Saturday, September 08, 2007

6 September 2007: Mysore Aramane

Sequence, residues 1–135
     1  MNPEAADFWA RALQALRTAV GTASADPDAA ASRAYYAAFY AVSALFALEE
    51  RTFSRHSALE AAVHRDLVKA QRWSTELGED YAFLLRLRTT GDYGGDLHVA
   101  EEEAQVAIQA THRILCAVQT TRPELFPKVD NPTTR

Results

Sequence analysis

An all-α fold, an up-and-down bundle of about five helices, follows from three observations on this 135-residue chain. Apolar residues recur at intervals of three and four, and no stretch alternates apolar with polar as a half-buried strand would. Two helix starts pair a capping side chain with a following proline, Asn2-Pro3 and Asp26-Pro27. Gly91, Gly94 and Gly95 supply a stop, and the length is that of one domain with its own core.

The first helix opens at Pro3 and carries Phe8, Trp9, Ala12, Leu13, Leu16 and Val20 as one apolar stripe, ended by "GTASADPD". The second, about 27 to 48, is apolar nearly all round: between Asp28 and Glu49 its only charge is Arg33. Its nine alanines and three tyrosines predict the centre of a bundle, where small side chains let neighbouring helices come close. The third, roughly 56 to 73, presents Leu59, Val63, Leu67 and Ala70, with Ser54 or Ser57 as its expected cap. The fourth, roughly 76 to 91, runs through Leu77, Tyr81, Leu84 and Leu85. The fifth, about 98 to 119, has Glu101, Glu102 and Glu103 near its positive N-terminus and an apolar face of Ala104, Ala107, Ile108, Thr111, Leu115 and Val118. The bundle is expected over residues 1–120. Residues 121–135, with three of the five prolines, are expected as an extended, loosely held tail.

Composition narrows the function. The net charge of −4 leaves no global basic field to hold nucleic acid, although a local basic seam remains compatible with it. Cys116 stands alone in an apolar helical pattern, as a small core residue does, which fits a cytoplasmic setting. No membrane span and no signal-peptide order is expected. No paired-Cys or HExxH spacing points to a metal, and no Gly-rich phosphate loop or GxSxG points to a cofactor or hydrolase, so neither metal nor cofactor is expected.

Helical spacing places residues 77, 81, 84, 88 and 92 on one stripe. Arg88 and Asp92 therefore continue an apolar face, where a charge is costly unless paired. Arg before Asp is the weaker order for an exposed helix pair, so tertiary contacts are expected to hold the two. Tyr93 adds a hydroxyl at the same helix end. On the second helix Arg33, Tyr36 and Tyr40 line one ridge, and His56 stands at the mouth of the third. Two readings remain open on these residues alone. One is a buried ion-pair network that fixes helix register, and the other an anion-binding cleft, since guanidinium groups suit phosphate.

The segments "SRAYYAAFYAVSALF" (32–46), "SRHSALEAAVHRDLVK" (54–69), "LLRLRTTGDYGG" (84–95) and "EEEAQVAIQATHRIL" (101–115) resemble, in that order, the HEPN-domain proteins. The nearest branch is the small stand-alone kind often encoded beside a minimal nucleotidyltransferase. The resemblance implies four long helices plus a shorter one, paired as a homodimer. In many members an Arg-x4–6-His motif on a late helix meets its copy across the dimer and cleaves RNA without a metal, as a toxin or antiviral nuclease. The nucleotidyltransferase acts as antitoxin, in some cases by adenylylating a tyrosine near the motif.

As one of my few acts of tourism on this trip, I went to the Mysore Palace today. Had to pay the foreigner entrance fee of Rs 100 (vs. Rs 20), but got a nice little booklet that locals didn’t seem to receive in exchange. You can only take photos outside, so I wandered around the grounds first before going inside. The big 10-day festival of Dussehra is coming up, so there was lots of work being done on the grounds. I was excited to see 4 “oliphants” chilling and eating grass. I was going to call them royal elephants, but since the palace belongs to the state now, perhaps they’re better called ceremonial elephants. When I looked though my photos later, though, I realized they had a chain on their front legs, which made me sad. Camera deposited (Rs 5) and shoes removed (50 paise), I entered the palace. It was especially exciting to visit the palace because my Bharatanatyam teacher’s guru, Padmabushan Venkatalakshamma, was a court dancer here during the reign of the last two maharajas. The last majaraja ruled until 1956 when Karnataka state was formed, at which time he was elected governor. In southern India, the royal courts were important patrons of the arts, including dance. Mysore style Bharatanatyam, which flourished in the court, is known especially for its abhinaya, which can be translated as story telling and expression. The maharaja’s heir, with no official title or duties, still lives in the western wing of the palace. This particular palace was built when the previous wooden one burnt down in 1897. It was completed in 1912, and while they boast that much of the artisanship brought to bear on the palace was local, the architect was British, as were the designers of other key features of the palace. I don’t know why that surprised me. I guess I thought in the middle of an occupation you wouldn’t turn to your occupiers to design your royal palace. Carved teakwood doors and ceilings, brass gates, stained glass ceilings, marble, ceramic tiles, ivory inlaid doors, murals… the interior of the palace is really quite spectacular. While ropes kept us moving in the right direction and from getting to close to the exhibits, I was surprised to see people touching the teak doors and marble columns without getting yelled at by guards. Emboldened, I did the same! Lonely Planet warned that the separate Residential Museum “is rather dull,” and they were right.

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